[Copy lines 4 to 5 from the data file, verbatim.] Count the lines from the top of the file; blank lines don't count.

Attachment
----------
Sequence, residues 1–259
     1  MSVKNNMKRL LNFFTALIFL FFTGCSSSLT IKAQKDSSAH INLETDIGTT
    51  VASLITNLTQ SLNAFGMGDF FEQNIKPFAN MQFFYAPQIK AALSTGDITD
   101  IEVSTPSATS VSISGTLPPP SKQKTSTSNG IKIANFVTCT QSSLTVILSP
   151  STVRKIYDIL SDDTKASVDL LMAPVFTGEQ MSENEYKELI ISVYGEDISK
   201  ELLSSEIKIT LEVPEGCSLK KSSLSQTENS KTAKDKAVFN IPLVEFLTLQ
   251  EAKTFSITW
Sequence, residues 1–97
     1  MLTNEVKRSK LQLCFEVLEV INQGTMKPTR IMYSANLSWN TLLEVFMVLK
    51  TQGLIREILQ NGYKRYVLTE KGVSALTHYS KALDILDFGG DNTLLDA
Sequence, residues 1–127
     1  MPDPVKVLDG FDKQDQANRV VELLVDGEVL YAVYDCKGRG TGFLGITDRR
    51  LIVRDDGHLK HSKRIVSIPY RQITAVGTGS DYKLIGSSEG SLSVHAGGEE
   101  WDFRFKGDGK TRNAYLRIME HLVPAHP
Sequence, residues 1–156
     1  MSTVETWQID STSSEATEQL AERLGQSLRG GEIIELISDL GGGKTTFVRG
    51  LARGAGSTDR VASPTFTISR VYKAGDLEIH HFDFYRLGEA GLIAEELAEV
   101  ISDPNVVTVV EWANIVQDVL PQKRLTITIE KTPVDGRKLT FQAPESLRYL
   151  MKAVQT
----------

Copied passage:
   101  IEVSTPSATS VSISGTLPPP SKQKTSTSNG IKIANFVTCT QSSLTVILSP
   151  STVRKIYDIL SDDTKASVDL LMAPVFTGEQ MSENEYKELI ISVYGEDISK